Tooling TipsAlthough the use of robots on the assembly line helps auto makers build vehicles to precise standards, seam sealers are still manually applied by people in most cases. As mentioned before, seam sealers are found everywhere on the car body, and with a little practice, the factory seams can be matched successfully. When duplicating brushed seams, a full bodied, non-sag product works best. The technician should apply ¾-inch masking tape along both sides of the joint and apply an ample amount of sealer to allow for brushing and spreading. Then, the technician can either use a stiff 1-inch paintbrush or a red scuff pad to drag along the sealer in one direction. Simply remove the tape to reveal a beautiful brushed seam that boasts the OEM look. If wet tooling is desired, water can typically be safely utilized. On flat beads, the use of masking tape, seam sealer, a plastic spreader and a steady hand work extremely well to obtain the desired form.
When applying self-leveling materials, air bubbles sometimes become evident throughout the seam. These can typically be avoided beforehand with proper product purging; however, when bubbles develop after dispensing, they can easily be removed by using a sharp pick or a razor blade tip to pop them.
Smooth, rounded beads are often found on hoods, doors, deck lids and truck bed floors. Most body technicians find these extremely difficult to duplicate, but these seams can be matched with the use of controlled flow materials. As with brushed beads, masking tape works well to make an attractive bead. Simply apply tape to both sides of the seam, apply enough controlled flow product to slightly extend onto both pieces of tape and then pull the tape straight back. This usually fixes any flaws in the bead and provides a smooth, rounded look.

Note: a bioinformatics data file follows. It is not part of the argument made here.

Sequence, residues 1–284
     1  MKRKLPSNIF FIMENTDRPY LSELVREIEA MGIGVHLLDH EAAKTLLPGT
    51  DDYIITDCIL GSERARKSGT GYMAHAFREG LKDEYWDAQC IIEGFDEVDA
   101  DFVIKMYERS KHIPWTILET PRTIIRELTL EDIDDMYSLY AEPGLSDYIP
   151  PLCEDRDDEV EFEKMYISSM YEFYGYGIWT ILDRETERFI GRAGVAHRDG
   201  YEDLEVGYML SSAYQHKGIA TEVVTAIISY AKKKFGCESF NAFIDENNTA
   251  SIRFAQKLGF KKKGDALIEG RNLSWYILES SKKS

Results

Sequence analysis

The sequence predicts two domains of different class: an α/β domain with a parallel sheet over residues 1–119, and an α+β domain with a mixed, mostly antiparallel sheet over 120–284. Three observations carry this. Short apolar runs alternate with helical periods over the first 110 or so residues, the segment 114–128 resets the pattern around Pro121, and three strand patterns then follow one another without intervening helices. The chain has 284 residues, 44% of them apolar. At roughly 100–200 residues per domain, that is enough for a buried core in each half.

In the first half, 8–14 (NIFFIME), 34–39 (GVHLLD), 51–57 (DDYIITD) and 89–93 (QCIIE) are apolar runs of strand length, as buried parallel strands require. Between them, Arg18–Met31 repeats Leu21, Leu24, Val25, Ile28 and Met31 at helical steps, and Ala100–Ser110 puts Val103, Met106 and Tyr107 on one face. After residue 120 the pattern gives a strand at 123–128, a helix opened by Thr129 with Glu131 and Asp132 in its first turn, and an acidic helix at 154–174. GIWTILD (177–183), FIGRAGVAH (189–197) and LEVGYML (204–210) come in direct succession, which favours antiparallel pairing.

Seam Sealer SuccessWorking with seam sealers and making them look nice has become easier than ever before. Adhesive manufacturers understand the needs of body professionals and produce products that perform as advertised and provide a factory look. Ask your supplier about the specific sealer products available, and be sure to read the product technical sheets for application suggestions and cure times. The sealer/adhesive manufacturer is another excellent source for help, and many of them have phone or web-based technical support. With some quick practice, technicians can confidently apply seam sealers just like the OEMs do.
Bob Zweng is the Senior Technical Service Representative for LORD Corp., maker of LORD Fusor® Automotive Repair Adhesives. Zweng is I-CAR trained and ASE Master Certified. He can be reached at (800) 234- FUSOR, ext. 2, or e-mail firstname.lastname@example.org.
For more information, phone 800-659-5805 ext. 617 or visit www.lord.com.